State University Making Admissions Simpler for State Residents

Ken Wolter /
Ken Wolter /

Indiana University – Purdue University Indianapolis (IUPUI) heard the outcries of residents who said that applying to so many schools was prohibitively expensive. Paying to apply to a safety school after achieving high marks in school was a waste. For low-income residents who had successful children, sometimes even the supplication fee was just too much.

Now, through a cooperative between IUPUI and the Indiana Public Schools (IPS), they have created a program where, starting in Fall 2024, any student who has a 3.00 or above GPA can simply turn in a form and receive automatic enrollment for the next semester. IPS Superintendent Aleesia Johnson lauded the idea as one whose time had long since come. “By eliminating deadlines, application fees, or the need for a transcript, we hope this new initiative will give more students the chance to go to school right here in Indianapolis.”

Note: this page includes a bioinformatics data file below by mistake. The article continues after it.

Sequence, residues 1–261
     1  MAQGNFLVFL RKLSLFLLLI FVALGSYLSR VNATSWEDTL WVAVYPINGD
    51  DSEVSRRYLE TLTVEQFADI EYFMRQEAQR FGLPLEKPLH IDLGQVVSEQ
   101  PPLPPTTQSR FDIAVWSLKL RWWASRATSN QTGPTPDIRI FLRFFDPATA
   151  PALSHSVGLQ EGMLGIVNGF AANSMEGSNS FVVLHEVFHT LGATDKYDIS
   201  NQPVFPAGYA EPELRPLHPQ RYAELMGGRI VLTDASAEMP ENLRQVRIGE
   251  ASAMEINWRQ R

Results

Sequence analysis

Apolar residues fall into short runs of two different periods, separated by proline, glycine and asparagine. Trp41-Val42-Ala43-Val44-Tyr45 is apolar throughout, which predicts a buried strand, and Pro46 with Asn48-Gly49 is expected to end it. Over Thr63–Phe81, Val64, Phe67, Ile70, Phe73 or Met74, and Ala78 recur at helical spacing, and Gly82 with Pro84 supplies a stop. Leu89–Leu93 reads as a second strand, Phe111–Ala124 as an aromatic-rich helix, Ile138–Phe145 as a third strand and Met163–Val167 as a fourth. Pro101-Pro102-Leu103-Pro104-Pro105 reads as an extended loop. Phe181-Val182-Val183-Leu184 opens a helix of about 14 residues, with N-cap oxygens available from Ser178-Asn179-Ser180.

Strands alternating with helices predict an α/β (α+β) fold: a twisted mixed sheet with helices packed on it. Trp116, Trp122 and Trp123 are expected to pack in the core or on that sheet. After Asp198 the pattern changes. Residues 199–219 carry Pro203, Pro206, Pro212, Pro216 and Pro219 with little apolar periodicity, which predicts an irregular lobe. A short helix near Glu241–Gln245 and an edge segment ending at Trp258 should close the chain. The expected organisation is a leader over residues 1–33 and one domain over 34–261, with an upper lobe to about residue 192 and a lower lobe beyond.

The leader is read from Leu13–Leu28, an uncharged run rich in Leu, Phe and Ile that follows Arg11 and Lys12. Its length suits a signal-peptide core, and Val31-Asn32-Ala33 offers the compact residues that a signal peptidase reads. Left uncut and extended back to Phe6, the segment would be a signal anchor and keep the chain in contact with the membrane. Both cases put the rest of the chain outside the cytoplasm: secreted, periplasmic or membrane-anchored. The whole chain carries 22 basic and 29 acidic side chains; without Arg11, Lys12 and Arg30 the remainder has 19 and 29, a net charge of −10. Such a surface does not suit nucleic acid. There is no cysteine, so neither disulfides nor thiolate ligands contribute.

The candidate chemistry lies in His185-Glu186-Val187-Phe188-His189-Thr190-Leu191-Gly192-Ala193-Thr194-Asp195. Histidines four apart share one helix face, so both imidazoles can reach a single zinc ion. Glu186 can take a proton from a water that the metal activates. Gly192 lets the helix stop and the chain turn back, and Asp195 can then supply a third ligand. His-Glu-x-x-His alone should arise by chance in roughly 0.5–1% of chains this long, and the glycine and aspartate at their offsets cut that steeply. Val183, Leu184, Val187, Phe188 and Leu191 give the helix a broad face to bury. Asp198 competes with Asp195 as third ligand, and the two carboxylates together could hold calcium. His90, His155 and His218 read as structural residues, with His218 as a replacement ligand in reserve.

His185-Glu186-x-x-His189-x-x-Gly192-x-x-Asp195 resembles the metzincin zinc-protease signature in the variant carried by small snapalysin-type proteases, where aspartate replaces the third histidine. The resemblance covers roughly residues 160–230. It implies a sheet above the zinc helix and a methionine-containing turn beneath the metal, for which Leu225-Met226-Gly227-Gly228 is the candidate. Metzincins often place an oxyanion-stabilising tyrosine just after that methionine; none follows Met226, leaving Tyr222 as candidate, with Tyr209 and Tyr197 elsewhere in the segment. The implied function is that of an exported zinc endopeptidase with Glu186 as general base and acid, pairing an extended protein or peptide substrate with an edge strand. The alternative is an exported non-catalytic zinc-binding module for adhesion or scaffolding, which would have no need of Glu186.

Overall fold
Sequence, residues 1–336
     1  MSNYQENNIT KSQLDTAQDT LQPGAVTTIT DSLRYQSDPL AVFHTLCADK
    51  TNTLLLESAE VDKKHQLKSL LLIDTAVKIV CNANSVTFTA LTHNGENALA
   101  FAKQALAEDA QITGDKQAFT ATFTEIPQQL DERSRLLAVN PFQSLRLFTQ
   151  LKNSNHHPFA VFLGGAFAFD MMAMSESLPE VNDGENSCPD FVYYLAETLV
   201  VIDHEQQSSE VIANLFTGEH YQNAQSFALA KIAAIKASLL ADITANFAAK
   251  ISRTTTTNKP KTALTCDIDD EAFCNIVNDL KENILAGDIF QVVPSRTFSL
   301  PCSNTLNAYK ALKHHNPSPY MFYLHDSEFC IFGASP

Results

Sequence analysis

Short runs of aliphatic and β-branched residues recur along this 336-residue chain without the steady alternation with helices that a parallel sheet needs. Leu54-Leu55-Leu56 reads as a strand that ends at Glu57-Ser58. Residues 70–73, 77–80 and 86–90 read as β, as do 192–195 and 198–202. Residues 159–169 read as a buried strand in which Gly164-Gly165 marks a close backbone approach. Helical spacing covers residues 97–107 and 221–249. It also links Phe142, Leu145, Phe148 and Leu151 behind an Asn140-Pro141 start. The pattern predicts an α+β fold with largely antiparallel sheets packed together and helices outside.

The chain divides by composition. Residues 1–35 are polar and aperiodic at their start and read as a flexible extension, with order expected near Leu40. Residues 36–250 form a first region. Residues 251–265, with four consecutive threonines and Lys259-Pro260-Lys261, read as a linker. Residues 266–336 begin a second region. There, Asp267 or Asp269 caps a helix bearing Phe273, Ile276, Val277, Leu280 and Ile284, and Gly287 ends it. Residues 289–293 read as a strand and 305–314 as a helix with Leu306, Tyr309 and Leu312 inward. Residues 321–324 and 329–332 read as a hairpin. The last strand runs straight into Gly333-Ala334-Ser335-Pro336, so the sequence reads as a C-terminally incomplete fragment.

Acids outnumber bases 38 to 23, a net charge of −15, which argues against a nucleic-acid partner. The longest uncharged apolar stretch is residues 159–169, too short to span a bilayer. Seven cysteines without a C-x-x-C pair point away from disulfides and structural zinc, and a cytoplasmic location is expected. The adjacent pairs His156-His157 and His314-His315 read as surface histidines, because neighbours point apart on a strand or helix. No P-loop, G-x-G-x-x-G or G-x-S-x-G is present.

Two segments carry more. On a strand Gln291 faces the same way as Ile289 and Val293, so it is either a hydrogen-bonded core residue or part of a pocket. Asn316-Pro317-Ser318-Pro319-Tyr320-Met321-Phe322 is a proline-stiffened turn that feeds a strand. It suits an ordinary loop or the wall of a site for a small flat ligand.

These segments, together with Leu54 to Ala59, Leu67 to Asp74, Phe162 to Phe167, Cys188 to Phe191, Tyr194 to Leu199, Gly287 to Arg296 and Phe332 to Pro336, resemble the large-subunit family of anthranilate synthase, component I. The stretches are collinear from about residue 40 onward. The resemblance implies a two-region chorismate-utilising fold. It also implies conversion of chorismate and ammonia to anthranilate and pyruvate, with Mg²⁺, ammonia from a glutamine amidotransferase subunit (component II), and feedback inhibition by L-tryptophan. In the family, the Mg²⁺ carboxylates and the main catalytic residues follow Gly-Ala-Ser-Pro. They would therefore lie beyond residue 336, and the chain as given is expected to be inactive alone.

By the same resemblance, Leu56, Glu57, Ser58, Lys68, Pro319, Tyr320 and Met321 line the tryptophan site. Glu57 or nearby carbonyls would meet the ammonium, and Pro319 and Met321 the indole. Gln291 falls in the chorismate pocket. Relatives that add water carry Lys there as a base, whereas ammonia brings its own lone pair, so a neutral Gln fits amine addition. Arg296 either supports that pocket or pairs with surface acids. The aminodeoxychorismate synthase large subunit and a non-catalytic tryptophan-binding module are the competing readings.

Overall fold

Giving their students the most straightforward path towards continuing their education is something that should have come decades ago. It shows a useful side of automation and encourages students to think locally and stay in the state for an already superior education. As an extra initiative from them, eligible students will receive notice by postcard and an email from IUPUI as well.

While there have been changes at other schools to account for grades after affirmative action on admissions was dropped, they have changed their admissions programs. At Johns Hopkins, essays were changed from work and education-based to identity-based. Even Harvard made changes, now going from a single optional and open-ended essay to a requirement of five short essays. These kinds of shifts have been their snap response to a lost social justice rubber-stamping of applications based on things like race, sex, or origin.